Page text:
Being A Human Business

Chris has long talked about the idea that Business is about belonging, that relationships matter, and whether our business is B2C or B2B, it’s important to know that there’s a human on the other end. He’s absolutely right.

Relationships

One of the most basic needs we have as humans is to be recognized, to be seen.

A socially generous approach, “Seek First to Understand” if you’re a Covey disciple, is always the order of the day, but you cannot forget the you in the relationship equation.

We’ve had some discussions internally about what it means to conduct Human Business, not just with others but also with ourselves.  The trouble is, it’s hard, particularly when one is the people pleasing type or finds satisfaction and value of having gone the extra mile for someone.

Don’t get me wrong, these are good traits and I both appreciate someone going the extra mile for me as well as enjoy the feeling of having done it for someone else.  But, it’s more than that.

 

More Time For Others Does Not Always Equal More Business

You’ve done it, you’ve come in early, stayed late, put in time over the weekends, stopped working to respond to someone’s priority and sometimes you have to.  When you love your work, this gets even more tricky.  The lines are blurry.  But when you look at your day, how much of it was truly spent engaged in productive work?  How much did you really get done in those 10 hours at your desk, how much of that time would you score as “productive”?  6 hours? 7 hours?….4 hours?  What about the rest of it?  Facebook, Google+, endless rabbit holes of emails that “appear” urgent, a knock on the door that turns into a 45 minute meeting with no clear outcome.

What if you could boil down those moments when you are most productive and carve away those ‘distraction loops’ that take us off our game?

The Myth Of The Open Door Policy

When I first became a Director, I vowed to have an ‘open door policy’.  It sounded noble.  It sounded, well…open and available.  It made me feel good, too.  I was going to be a great manager.  I wasn’t though and here’s why.

When you are always available to others, you are not giving them your best self because you end up torn between tasks.

The same is true with an email or social media.

Does stopping everything you were doing to run down an answer to a question in an email or respond to a tweet really help? Or, would putting in an hour developing your business and answering that email or tweet a few hours later have accomplished more?

What would it look like if you didn’t even know the email or tweet came in, for just one more hour?  Would your business fail?

How much more respectful would it be to meet with someone when you can be fully present?  How much more respectful would it be to close your laptop, knowing that you’ve already answered those emails or have a plan to, and knowing that a mention on Twitter will be addressed in plenty of time, later.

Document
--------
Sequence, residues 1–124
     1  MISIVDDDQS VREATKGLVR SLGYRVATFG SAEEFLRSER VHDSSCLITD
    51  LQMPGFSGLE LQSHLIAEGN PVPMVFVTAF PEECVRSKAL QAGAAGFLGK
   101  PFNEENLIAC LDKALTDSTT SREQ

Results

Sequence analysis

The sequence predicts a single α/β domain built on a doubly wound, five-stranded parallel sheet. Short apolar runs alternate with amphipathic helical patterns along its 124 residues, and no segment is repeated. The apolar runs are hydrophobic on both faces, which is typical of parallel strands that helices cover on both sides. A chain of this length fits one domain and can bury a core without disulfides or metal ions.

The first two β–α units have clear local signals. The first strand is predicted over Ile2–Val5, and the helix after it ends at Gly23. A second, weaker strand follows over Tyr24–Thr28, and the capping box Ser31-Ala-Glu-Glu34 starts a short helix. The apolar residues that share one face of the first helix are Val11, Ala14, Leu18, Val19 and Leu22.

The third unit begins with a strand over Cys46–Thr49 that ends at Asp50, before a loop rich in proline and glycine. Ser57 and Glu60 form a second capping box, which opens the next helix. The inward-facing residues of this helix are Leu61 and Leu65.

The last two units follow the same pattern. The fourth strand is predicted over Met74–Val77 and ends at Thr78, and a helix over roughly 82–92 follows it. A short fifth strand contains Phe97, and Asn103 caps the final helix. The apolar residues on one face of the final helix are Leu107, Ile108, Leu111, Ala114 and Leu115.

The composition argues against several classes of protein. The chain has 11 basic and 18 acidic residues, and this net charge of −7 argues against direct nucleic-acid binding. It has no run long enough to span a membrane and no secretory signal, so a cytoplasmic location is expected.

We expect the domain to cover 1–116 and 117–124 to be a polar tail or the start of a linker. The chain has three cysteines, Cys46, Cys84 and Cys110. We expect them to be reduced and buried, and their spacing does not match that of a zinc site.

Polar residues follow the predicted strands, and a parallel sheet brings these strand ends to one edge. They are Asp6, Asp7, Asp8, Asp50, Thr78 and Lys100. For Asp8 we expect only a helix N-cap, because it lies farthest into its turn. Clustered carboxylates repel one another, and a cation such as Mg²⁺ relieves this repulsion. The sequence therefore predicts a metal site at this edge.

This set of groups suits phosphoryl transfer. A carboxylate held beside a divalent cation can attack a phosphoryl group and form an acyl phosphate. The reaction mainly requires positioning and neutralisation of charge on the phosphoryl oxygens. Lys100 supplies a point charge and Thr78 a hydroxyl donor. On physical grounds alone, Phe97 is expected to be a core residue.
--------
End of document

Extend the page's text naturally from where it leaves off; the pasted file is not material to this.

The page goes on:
You Are A Human in Business, Too

Being a Human Business does not mean meeting every request, taking every meeting, or responding to every question in the moment .  When you are caught in an endless loop of responding to the needs of others, you will never accomplish the task of growing your business.

Do this now.

Vow to take back your day.  It is yours after all.

Put a limit on the number of times you will:

  • Respond to Email each day.  –  I suggest 2, mid morning and mid afternoon.
  • Respond to Social Networks. – I suggest 2 (unless this is key to your business, use it as a quick respite from head down project work)

In addition to that:

  • Set aside 2 solid hours of head down, project time.  Just 2 hours of no phone, no email, no impromptu meetings, no social networks.  You can do this in 30 minute chunks, or 20 minute chunks, or 45 minute chunks, whatever works.  But that’s it, 2 hours of total focus.

I promise you’ll get more done in those 2 hours than most people do in a day.

And remember, take care of yourself.

Your business, your family and your friends need you, but maybe not right this second.

 

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Comments

  1. Rex Williams says:

    Great stuff, Rob! It’s funny how 2 hours of solid production doesn’t seem like much, but I think you’re right, it’s probably more than most people accomplish, especially if it’s super focused. Sometimes using a timer really helps – a big digital one on my phone, right in front of my face, to help me not get distracted for a whole 20 minutes.

    One of my favorite short videos on the subject of realizing that there’s a human on the other end is by Derek Sivers: http://vimeo.com/26110865 “A real person, a lot like you.”

    • Thank, Rex. I love using a timer, as well as a few other tools to shut out distractions (more on that later:)). Thanks for sharing that video. I had seen it once before, but as with most good ideas, we need reminders and/or see it differently when we hear it again. Be well.

  2. Wonderful post, Rob. Just because we CAN be accessed anytime, anywhere doesn’t mean we SHOULD be accessed anytime, anywhere. I love your recommendations – they’re so simple and yet so profoundly important and effective. Now if I would just implement them… <<>>

    I will get better because by gosh, there’s work to do on this planet, and the time has come to get focused on the stuff that matters, once and for all. I’ll let you know how it goes.